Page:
Seventeen people on board another ship and 249 rescued migrants already in Malta will also be divided up between the eight countries as part of the deal, Malta said.
Pressure on Malta to take rescued migrants has increased since Italy's populist government began turning them away on assuming power more than six months ago.
The 49 migrants, including a baby and several children, were rescued while attempting to make the treacherous Mediterranean crossing from North Africa to Europe.
In a press conference, Muscat confirmed that Germany, France, Portugal, Ireland, Romania, Luxembourg, the Netherlands and Italy have agreed to take in the migrants that had been rescued by the NGO vessels Sea Watch 3 and Prof.
Another 78 will be allowed to stay in Malta, while 44 Bangladeshi migrants will be repatriated.
Malta last week allowed the boats to shelter near its coasts from the bad weather but would not let them disembark the migrants.
Mr Avramopoulos said the fact that some of the migrants had to wait at sea for three weeks "is not what the European Union stands for".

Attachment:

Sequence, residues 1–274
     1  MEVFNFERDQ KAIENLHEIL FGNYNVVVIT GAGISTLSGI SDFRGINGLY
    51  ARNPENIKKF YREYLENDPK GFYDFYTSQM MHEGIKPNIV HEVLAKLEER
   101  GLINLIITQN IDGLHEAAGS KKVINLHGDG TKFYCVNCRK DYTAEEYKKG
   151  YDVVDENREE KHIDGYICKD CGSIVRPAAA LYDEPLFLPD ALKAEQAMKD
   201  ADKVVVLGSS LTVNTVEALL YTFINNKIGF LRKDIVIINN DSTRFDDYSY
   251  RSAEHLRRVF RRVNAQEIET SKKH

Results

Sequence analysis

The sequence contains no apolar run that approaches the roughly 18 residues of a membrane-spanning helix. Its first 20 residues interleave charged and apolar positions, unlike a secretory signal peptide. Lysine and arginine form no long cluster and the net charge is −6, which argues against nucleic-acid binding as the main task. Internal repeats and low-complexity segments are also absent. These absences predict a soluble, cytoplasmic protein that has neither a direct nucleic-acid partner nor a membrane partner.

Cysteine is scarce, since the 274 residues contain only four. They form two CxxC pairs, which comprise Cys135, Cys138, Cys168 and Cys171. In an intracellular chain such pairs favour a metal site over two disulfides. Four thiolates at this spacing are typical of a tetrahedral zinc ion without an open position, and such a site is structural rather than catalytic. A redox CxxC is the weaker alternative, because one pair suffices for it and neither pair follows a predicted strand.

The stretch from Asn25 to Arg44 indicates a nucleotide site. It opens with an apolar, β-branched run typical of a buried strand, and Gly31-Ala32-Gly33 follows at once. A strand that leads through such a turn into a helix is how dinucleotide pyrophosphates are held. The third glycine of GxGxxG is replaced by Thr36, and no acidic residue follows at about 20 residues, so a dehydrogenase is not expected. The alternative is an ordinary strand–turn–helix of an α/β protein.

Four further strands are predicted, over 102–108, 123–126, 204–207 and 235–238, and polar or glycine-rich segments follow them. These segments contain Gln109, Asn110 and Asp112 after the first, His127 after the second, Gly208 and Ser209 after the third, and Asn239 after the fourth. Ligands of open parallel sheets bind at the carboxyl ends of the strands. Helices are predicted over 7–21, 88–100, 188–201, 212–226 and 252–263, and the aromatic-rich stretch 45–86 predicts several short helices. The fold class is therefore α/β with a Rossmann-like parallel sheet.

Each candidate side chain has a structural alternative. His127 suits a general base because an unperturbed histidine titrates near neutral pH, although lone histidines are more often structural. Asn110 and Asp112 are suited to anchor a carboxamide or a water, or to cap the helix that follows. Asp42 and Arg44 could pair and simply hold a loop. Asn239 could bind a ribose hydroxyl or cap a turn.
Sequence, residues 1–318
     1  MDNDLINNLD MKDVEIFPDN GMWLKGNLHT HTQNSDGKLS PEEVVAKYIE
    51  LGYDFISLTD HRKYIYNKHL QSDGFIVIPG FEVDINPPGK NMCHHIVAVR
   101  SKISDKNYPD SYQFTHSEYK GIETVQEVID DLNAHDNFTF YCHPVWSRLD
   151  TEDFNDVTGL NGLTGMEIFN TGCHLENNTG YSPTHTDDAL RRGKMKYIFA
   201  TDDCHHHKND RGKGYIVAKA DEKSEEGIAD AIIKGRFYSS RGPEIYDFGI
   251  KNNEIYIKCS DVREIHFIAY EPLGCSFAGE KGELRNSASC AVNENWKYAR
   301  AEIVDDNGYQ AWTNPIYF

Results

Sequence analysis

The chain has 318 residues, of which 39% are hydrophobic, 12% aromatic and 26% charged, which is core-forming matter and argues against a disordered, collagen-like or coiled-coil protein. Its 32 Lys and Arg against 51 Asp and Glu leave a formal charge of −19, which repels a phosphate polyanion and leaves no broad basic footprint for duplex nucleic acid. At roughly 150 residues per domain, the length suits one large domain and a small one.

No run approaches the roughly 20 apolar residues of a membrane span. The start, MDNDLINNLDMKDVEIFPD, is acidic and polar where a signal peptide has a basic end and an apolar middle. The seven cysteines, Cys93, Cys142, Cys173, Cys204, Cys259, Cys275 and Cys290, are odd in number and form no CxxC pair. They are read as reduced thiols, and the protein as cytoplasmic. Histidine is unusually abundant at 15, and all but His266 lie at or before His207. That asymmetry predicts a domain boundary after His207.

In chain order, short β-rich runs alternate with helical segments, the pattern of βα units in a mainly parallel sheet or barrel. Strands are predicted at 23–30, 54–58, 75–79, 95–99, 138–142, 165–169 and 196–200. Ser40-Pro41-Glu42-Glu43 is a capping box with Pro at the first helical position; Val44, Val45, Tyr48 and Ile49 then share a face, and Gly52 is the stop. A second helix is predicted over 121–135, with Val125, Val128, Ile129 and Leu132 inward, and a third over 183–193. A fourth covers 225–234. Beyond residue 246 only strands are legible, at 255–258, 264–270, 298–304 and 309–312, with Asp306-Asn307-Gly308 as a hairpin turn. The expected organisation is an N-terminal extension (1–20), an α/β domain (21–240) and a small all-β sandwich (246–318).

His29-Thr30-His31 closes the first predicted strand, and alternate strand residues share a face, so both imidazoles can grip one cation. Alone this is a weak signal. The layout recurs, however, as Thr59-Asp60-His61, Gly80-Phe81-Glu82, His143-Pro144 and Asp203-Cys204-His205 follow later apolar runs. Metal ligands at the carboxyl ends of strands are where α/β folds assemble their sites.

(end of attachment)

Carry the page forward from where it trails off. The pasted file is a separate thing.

"The risky, unseemly spectacle of politicians bickering whilst women, men and children are stranded in a sea of cruel indifference, must not be repeated", she said.
Italian Premier Giuseppe Conte has said that if Italy takes about 15 rescued migrant children and their parents that wouldn't "stain" the country's crackdown on accepting migrants rescued by private aid vessels.
"It is a testament to state failure; politics should never be played at the cost of people in need."
"We want to express our gratitude to. all cities, federal states and provinces that declared their ports open and their willingness to welcome people".
The migrants will be transferred to Maltese military ships that will bring them ashore.
The eight countries that will take them in include Italy, whose anti-migrant interior minister, Matteo Salvini, had vowed for days that none would reach Italian soil.
Some 113,482 migrants crossed the Mediterranean to reach Europe previous year, according to the United Nations refugee agency, which said 2,262 people lost their lives or went missing making the perilous journey.